Monks v. New Jersey

PETITIONER: Monks
RESPONDENT: New Jersey
LOCATION: Cook County Circuit Court, Criminal Division

DOCKET NO.: 127
DECIDED BY: Burger Court (1969-1970)
LOWER COURT:

CITATION: 398 US 71 (1970)
ARGUED: Feb 26, 1970
DECIDED: May 25, 1970

Facts of the case

Question

Media for Monks v. New Jersey

Audio Transcription for Oral Argument - February 26, 1970 in Monks v. New Jersey

Warren E. Burger:

Next case is number 127, Monks against New Jersey.

Mr. Amsterdam, you may proceed whenever you're ready.

Anthony G. Armsterdam:

Mr. Chief Justice, may it please the Court.

The principal question presented in this case is one that is entirely familiar to the Court.

It is the question which this Court has wrestled with frequently, for better than 35 years, whether in a state criminal proceeding or in this instance a juvenile delinquency proceeding resulting in a sentence of life imprisonment, a defendant's confession was inadmissible in evidence because involuntarily obtained by the police.

This case arises prior to the cutoff date of Escobedo and of Miranda.

You make no Miranda argument, do you?

Anthony G. Armsterdam:

There is no Miranda argument Mr. Justice Harlan at all in this case.

Thank you.

Anthony G. Armsterdam:

The issue of admissibility of the confession is entirely the traditional one of voluntariness and for that reason it turns on all of the factual circumstances of the case.

It is for that reason that in our brief I have tried you set forth in all of the detail that the Court might wish, the exact factual circumstances under which the confession was obtained.

As I understand the state's position, in its brief, it initially asserts that it agrees with all of petitioner's factual statements.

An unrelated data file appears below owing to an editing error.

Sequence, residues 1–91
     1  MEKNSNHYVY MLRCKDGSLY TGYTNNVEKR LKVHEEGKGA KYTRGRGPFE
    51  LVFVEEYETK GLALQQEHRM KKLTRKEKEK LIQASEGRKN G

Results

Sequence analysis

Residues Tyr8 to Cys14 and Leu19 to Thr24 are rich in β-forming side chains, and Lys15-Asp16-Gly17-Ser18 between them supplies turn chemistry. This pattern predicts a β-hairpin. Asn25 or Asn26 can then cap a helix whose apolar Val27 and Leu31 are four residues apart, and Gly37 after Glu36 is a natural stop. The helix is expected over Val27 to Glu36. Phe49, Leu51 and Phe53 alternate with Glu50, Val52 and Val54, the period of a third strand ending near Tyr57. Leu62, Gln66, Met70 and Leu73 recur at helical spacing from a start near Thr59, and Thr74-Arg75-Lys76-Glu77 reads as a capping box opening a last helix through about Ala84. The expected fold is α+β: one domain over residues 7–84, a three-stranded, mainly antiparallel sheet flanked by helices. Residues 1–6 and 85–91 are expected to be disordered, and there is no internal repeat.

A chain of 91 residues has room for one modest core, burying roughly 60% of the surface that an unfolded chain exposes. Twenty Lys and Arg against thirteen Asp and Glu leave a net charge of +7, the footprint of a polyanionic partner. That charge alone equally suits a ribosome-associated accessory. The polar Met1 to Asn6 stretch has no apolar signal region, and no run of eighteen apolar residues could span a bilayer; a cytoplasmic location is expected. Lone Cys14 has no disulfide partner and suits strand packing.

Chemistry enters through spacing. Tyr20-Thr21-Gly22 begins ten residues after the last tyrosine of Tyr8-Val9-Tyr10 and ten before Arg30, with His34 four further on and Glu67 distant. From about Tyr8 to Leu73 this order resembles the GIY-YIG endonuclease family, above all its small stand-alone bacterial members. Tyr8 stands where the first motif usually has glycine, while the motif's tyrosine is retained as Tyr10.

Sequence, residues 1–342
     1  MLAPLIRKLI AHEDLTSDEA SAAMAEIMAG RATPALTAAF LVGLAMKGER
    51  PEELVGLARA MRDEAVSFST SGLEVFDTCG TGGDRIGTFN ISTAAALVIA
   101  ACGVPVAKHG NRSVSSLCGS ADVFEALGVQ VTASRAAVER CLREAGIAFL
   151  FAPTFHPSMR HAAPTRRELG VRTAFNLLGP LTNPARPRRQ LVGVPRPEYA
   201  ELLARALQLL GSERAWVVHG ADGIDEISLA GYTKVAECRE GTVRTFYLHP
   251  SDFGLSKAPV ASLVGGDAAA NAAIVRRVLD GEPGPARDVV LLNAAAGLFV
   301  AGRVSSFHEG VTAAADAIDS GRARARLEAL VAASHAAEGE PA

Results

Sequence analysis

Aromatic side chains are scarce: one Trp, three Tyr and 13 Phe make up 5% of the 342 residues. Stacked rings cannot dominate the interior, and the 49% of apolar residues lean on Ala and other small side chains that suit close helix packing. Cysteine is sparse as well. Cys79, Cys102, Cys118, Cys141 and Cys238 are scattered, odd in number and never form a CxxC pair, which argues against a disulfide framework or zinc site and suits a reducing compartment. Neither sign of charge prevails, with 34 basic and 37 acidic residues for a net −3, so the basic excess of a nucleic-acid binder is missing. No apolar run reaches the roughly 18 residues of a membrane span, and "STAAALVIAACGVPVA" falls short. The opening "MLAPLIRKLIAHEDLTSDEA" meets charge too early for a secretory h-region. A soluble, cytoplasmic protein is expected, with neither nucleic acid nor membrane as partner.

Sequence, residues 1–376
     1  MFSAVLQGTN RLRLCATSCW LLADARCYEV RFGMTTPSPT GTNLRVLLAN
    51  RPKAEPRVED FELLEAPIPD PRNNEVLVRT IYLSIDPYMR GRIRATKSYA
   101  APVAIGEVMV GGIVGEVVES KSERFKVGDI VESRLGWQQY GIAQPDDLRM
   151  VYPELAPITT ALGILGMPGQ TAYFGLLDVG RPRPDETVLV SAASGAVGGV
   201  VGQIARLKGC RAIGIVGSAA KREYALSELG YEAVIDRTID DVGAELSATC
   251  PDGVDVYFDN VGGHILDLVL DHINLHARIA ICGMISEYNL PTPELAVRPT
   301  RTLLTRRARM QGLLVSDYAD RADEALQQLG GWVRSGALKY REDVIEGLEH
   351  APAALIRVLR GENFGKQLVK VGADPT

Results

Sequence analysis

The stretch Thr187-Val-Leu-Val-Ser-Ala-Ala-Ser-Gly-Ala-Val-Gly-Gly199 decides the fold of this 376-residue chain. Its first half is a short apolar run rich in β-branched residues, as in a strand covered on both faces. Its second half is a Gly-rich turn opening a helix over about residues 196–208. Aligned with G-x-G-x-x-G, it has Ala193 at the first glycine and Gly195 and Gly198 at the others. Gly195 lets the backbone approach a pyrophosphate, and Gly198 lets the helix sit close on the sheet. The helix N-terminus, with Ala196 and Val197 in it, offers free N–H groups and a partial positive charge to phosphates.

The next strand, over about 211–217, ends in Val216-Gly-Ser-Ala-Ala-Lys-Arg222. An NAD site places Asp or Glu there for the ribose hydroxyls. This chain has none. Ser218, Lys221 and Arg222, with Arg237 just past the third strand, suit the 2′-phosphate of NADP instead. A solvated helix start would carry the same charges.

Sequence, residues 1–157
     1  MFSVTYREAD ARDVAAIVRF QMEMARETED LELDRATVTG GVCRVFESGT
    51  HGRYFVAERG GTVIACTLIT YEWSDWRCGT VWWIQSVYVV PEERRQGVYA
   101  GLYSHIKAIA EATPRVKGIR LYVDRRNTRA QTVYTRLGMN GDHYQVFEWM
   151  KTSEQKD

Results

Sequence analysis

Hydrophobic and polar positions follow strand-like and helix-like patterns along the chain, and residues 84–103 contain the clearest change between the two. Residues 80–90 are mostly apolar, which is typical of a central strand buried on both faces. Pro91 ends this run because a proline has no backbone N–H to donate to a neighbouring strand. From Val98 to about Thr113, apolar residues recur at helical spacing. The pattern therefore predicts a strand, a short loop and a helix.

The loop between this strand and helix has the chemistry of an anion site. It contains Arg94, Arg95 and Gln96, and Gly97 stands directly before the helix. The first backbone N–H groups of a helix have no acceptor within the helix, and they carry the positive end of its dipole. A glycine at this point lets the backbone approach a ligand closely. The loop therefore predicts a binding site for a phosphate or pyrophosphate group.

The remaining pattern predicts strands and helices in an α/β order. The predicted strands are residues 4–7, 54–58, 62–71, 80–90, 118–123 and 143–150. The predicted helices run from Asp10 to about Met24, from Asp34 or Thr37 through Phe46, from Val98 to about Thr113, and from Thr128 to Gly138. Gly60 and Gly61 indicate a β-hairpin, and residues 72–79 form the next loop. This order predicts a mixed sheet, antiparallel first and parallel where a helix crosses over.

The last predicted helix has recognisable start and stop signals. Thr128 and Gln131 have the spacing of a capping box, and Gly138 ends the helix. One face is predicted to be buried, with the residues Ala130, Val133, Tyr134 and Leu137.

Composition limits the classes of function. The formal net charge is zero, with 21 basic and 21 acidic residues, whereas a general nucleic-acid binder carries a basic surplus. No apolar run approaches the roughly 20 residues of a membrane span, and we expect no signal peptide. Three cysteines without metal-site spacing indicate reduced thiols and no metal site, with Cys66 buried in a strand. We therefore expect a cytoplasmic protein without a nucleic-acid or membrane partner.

However, in the argument portion of its brief, it does make certain factual assertions with which we are in disagreement.

There are half dozen of those and I mean to advert to them specifically in my presentation because I think the most important aspect of this case is the facts.

We begin with what is clearly a major factor in the case and that is the petitioner's age.

At the time of his detention, interrogation and confession, he was a 15-year old, to be exact, 15 years and four months old.

The state of course does not contest that, but it does make three factual assertions in that regard which I wish to bring to the Court's attention.

First, it characterizes the petitioner as above average, and indicates that he had an intelligence beyond his mere age.

The state sights nothing in the record for either these propositions.

The Court will find nothing in the record to support either of these propositions and as I take it, it is an inference of the respondent to run from nothing other than the fact that the petitioner managed the hold out for a goodly time under sustained police questioning.

The second factual matter raised by the state in connection with the petitioner's individual characteristics is that he was as the state puts it, court wise or already placed in its brief a hardened juvenile criminal.

Again, the record shows no such thing.

The facts in this regard are set forth in our brief at page 46 in the footnote 59.

The trial record here shows only that the petitioner previous to this detention and interrogation had been a probationer of the juvenile Court.

It does not show what caused him to be a probationer of juvenile Court and it does not show what context, if any, he had had with the police incident to becoming a probationer for juvenile Court.

There are however psychiatric reports in this record, one of which we advert to in that footnote which shows that as of a time three months prior to his detention, the only run ins that he had had with the police were a minor pilfering incidents, stealing flashlight and jacket from a car, a broken window incident and some misconduct at school.

In reviewing the record for this argument, I notice that I omitted from that footnote that the same diagnostic report also indicates a charge of waywardness, whatever that may be, some time prior to 1953 when he would have been 11 or 12.

Again, no indication is to whether he had dealings with the police in that connection and for the sake of completeness, I simply want to bring to the Court's attention that there's another psychiatric report made later after his present juvenile commitment in which under Sodium Amatol interviews and a Methedrine interview at the state diagnostic center.

The petitioner also adverted to two additional contacts with the police, however, this came out under Amatol.

It is quite unclear what these contacts were and there is no objective verification of this Amatol material.